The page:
On Mon, Jul 30, 2012 at 9:51 AM, Guido van Rossum email@example.com wrote:
Also, I have a few content quibbles:
- Is it really worth flagging a negative return value with ValueError?
I'd just as well clip this to zero. What's the worry? That the computed value is wrong? But it's only meant to be a hint, and why would -1 be any more wrong than e.g. 1000000000?
This was done for consistency with len(), I'm not particularly attached to any behavior.
- Did you mean to define operator.length_hint()?
Of course :)
- The default can be zero with no semantic impact, so I think there's
no need to require the caller to specify a default.
I suppose that's fair.
- Most importantly: calling len(obj) and catching TypeError can only
be a substitute for the real implementation, which IMO ought to check for the presence of a tp_len slot. Alas, checking hasattr(obj, '__len__') doesn't quite cut it either, since this returns true for a class object that defines a __len__ method for its instances (the class itself doesn't have a length). Still, I worry that calling len(obj) and catching all TypeErrors overspecifies the desired behavior; what I *want* to happen is to check if there is a __len__ method, and if so, call it and let any exceptions bubble through. It may be best to add a comment explaining that am implementation doesn't have to follow the letter of the Python code in the PEP, in particular, if obj *has* a __len__() method but calling it raises an exception, then length_hint(obj) may (ought to?) pass this exception on instead of calling obj.__length_hint__().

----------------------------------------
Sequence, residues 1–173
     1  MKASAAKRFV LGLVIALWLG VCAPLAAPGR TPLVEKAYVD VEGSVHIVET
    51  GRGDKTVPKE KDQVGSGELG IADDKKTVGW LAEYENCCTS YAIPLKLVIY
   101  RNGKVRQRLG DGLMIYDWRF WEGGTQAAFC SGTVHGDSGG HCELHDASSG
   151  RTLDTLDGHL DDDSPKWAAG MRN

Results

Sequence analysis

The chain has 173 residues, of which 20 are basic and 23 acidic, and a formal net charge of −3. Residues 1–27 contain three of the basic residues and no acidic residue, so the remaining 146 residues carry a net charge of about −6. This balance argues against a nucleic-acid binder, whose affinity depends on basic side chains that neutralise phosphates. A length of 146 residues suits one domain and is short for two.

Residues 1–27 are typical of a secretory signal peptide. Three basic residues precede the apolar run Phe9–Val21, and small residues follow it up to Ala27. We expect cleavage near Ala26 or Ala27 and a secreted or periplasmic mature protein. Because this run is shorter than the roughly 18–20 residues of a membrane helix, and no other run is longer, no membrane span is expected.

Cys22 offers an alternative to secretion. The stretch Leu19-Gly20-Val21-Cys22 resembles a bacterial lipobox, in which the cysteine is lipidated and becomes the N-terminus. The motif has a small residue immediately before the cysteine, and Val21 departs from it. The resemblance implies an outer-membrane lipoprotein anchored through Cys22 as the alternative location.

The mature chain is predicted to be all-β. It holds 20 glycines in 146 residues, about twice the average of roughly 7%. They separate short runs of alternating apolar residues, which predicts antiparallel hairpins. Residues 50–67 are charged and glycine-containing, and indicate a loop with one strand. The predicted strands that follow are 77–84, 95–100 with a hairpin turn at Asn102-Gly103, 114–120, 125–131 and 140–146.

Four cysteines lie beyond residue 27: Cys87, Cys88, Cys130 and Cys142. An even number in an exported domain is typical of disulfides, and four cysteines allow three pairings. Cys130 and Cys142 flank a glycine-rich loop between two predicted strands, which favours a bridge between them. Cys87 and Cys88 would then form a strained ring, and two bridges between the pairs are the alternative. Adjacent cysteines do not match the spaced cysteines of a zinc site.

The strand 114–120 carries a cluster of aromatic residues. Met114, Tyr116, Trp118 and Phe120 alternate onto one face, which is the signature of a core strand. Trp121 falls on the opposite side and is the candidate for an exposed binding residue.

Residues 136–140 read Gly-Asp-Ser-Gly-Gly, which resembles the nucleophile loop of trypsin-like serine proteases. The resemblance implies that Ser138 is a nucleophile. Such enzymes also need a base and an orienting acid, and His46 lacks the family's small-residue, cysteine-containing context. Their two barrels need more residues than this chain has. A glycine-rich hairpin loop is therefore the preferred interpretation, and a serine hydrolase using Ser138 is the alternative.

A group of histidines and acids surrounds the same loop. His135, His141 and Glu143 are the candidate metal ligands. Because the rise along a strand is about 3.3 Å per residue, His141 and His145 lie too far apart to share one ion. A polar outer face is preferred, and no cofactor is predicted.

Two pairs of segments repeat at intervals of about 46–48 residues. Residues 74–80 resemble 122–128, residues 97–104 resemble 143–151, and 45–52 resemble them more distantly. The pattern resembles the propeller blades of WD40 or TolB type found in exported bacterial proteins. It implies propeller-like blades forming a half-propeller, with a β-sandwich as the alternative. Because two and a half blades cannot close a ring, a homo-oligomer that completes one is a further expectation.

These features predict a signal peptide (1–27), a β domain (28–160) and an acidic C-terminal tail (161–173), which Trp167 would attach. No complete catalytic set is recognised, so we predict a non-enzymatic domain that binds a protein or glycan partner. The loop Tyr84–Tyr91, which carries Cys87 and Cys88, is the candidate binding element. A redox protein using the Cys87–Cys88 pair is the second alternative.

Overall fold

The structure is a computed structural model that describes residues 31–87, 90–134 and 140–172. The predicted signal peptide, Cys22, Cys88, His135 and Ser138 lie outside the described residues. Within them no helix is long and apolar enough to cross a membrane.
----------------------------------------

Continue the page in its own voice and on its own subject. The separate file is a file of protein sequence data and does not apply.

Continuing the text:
Seems reasonable, rather than try to spec that out precisely in the pseudocode (aka Python ;)) a note like you suggest sounds good.
-- --Guido van Rossum (python.org/~guido)